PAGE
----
Liguria and coastal areas of northern Tuscany were the zones worst-affected by the torrential rain that struck northern Italy on October 25 last, triggering wide scale flooding and landslides.
On the day that the race passes through the area, a delegation from RCS Sport will re-open a children’s playground in Brugnato, rebuilt using funds raised by a number of charity events run by the race organisers.
The roads of the Cinque Terre last featured at the Giro during the centenary edition in 2009, when eventual winner Denis Menchov powered to victory in a 60 kilometre time trial.
In its statement on Wednesday, RCS promised that the Giro would return to the area “in the near future.”
- Article published:
- April 18, 2012, 21:15
- Kenny Pryde
Spaniard would have traded all his second places for this win
Joaquim Rodriguez finally won his Classic. After two second places in the Fleche Wallonne, a runner-up slot in both the Amstel Gold and Liege-Bastogne-Liege, the Katusha rider bagged his Classic. And he did it as a hot favourite and after his team took the race by the scruff of the neck.
"I've waited for this day for a long time. I know I'm Spanish and Spanish riders are not supposed to be Classics riders. We have a reputation for the big Tours, not the Northern Classics, but I have always loved the Ardennes races more," said the 33-year-old Rodriguez after exiting the post-race doping control. "This win means a lot to me. I would have swapped all my second places, all those runner-up positions for one win in the Ardennes because they are so important to me."
Ironically - or was it - he had launched his winning attack at the same steep left hand corner as 2011 winner Phillip Gilbert (BMC). Had he realised at the time? "Yes, I did. I attacked there but I still wasn't entirely sure because I suspected it was maybe a bit too far from the line, so I had my doubts. In the end I just went for it and, with 50 meters to go, I gave it everything I had again. I realised that Gilbert had attacked there because it really was the best place to attack."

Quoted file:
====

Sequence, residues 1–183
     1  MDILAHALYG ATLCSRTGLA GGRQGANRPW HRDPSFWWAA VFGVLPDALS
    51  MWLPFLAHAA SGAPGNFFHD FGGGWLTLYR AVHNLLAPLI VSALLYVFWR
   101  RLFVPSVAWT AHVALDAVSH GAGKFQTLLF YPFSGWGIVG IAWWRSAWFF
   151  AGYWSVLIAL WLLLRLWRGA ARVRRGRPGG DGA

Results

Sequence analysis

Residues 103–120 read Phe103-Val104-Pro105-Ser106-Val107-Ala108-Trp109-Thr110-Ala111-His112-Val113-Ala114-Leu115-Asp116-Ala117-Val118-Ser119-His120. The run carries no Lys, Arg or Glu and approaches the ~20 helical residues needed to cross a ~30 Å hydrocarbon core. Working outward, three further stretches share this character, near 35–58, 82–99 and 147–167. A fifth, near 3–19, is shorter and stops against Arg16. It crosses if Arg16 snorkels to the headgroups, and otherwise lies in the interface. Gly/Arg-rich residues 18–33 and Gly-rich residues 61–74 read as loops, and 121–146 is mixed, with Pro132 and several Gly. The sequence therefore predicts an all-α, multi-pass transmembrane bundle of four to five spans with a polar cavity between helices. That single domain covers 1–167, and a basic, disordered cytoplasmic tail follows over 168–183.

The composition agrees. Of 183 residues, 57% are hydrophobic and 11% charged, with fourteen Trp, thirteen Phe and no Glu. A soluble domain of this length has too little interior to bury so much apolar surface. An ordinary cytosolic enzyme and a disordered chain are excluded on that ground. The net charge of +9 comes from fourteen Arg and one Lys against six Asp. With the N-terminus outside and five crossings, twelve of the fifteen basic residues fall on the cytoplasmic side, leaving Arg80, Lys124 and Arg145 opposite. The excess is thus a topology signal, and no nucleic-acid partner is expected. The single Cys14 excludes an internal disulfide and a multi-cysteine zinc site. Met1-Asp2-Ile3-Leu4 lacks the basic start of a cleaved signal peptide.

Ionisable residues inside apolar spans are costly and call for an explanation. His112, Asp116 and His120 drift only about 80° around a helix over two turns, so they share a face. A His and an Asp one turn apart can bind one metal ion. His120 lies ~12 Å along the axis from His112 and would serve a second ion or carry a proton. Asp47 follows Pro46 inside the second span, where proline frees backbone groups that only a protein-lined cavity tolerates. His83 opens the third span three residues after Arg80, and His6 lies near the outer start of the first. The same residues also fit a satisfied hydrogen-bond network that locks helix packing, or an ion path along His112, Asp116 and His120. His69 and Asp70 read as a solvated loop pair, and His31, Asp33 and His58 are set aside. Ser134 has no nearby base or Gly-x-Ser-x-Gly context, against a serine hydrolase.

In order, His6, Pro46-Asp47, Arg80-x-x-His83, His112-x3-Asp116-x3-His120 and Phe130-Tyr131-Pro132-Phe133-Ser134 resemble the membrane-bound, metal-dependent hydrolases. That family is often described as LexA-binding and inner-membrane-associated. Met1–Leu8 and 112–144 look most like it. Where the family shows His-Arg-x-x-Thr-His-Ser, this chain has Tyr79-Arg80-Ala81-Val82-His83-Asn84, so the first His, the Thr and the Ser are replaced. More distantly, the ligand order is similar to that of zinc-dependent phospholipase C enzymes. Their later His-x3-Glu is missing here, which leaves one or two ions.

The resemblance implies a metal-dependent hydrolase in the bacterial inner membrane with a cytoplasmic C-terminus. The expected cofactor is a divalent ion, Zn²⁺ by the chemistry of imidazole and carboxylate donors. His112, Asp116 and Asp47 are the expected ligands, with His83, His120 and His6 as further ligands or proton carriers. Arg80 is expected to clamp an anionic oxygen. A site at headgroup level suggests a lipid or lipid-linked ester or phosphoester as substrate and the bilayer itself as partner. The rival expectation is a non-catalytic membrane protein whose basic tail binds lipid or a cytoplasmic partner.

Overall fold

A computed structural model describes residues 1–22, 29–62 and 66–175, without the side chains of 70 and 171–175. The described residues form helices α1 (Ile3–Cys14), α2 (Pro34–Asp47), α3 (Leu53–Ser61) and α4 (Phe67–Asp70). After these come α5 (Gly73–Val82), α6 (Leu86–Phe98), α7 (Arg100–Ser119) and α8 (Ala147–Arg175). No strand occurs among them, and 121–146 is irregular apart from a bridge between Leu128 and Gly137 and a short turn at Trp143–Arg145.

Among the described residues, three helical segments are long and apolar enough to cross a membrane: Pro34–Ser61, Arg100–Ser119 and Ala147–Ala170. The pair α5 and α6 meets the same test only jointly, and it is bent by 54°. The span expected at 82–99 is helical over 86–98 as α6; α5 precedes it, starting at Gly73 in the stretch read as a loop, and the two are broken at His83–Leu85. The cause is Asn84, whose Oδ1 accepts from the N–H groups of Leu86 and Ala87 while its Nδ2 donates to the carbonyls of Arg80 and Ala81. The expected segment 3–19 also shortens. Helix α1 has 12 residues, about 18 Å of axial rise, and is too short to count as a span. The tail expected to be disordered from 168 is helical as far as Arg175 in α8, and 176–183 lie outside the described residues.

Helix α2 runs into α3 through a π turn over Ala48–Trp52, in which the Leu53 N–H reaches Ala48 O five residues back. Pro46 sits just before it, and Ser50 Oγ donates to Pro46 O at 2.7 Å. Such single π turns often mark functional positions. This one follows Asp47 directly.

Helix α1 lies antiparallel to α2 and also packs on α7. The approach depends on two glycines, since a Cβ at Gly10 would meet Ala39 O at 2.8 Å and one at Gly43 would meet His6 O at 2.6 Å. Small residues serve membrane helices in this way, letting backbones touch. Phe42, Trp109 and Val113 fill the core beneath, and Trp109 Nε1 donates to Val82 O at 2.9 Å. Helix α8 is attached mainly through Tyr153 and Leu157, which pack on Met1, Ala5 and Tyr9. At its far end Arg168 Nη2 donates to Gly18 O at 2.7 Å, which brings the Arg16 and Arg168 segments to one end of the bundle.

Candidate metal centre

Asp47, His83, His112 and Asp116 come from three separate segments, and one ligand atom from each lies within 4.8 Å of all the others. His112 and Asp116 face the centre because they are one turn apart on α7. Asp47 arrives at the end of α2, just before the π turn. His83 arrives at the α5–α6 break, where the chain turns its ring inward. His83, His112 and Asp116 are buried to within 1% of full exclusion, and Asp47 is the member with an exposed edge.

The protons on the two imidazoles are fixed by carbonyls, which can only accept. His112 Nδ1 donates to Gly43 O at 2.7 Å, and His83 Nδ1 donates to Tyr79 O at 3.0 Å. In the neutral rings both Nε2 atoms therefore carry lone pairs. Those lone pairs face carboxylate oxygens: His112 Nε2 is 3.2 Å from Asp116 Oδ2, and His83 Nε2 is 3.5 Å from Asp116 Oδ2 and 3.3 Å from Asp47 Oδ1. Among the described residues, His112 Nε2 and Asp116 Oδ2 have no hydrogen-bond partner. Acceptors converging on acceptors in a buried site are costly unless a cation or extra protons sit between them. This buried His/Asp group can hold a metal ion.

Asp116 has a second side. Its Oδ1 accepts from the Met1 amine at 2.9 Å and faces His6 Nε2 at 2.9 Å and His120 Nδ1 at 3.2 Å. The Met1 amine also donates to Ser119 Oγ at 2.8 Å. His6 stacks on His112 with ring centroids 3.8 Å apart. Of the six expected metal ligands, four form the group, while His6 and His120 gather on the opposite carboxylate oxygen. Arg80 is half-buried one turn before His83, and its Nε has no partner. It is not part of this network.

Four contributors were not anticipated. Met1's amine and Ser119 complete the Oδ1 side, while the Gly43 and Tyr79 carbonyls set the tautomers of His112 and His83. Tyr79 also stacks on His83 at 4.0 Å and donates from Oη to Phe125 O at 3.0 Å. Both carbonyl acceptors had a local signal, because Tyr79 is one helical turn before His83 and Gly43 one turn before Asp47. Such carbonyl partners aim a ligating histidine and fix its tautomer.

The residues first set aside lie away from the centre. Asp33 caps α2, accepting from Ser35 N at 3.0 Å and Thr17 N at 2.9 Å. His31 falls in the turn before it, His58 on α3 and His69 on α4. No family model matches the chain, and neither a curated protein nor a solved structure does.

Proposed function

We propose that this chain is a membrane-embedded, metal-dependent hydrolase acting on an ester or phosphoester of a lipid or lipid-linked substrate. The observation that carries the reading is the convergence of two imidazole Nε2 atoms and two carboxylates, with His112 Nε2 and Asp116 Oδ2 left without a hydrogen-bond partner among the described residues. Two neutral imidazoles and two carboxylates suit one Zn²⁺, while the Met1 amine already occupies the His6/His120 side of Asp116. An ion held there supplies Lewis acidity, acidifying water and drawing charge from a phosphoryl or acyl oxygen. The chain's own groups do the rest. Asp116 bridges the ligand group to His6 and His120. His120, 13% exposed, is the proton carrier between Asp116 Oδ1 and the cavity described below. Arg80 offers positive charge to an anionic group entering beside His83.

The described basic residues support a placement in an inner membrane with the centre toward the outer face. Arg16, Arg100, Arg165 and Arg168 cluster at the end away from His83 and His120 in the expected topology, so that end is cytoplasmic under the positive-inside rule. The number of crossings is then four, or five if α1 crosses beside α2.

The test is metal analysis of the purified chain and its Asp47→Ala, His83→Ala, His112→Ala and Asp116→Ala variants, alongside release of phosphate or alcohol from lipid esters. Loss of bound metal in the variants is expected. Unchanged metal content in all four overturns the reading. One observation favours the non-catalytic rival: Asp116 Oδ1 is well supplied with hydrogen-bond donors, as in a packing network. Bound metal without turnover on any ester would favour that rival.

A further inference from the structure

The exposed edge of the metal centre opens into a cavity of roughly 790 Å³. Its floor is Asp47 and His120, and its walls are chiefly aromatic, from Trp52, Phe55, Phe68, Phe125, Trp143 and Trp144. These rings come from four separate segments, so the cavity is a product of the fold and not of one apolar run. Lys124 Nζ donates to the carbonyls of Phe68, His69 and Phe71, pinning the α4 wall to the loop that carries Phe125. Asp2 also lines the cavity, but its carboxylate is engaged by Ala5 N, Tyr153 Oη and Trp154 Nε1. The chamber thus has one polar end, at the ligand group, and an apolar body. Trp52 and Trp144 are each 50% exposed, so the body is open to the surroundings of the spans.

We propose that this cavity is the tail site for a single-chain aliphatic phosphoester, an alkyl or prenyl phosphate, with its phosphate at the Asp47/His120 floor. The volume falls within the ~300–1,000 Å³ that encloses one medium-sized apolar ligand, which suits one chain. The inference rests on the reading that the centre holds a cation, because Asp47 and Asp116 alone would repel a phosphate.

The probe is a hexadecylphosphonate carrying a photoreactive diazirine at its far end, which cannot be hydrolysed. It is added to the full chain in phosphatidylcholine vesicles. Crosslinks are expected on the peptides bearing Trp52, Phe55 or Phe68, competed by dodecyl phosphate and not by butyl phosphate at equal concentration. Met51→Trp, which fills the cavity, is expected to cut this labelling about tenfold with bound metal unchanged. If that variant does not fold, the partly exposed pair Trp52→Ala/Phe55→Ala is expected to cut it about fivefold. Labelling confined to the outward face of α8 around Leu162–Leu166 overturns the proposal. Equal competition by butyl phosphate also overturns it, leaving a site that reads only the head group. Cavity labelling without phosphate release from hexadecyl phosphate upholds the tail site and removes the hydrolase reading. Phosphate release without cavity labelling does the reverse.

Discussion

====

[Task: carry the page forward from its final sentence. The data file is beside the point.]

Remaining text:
And, speaking of Gilbert, who finished third, did he reckon that his form was as good as Gilbert's was in 2011? "I don't know about that. Last year Phil was too strong to be beaten and this year for sure he isn't at the same level as he was last Spring when he really was untouchable. But he is coming back, you can see that from the Amstel Gold result and you could see that today in the race."
"It was a hard race today, and RadioShack-Nissan made life difficult but I'm not sure it could have been much harder! The first hour was like riding Paris - Tours it was so fast. It was windy, wet, there were crashes and echelons - it was chaos. Did I expect it to be harder? No thanks, that was hard enough," said Rodriguez, laughing.
But the race and the focus were on Rodriguez, and he was pleased to have gotten the eternal runner-up monkey off his back. Was his switch to Katusha from Caisse d'Epargne where he played second fiddle to Alejandro Valverde a liberation? Or did he feel pressure because it was clear for all to see that Katusha put all its Fleche eggs into his basket.
"I always lacked a little something earlier on in my career to win one of the big Classics, and the team change helped with that. But I've been in the top five rankings in the world too. Who knows, if Gilbert hadn't been around in such great form, then maybe I would have won a Classic by now?"
Inevitably, the question of the recent positive (EPO) test announced by his Katusha teammate Denis Galimzyanov was raised. What would he say to the doubters? "He did what he did but it's already in the past. It's finished. It shows that we are catching the cheats and that we should all be happy," said Rodriguez without emotion. The message and tone was, "Let's move on, shall we?"
Moving on, Cyclingnews asked him if he would have a crack at the overall classification of the Giro d'Italia, Rodriguez said, "No, one thing at a time and the first thing is to do a good ride on Sunday at Liege."
- Article published:
- April 18, 2012, 22:01
- Laura Weislo
Evelyn Stevens nets points haul toward maximum spots
With the clock ticking down on the qualification of spots for the 2012 Summer Olympic Games in London, the victory of American Evelyn Stevens in La Flèche Wallonne Feminine today was an important points haul for the USA.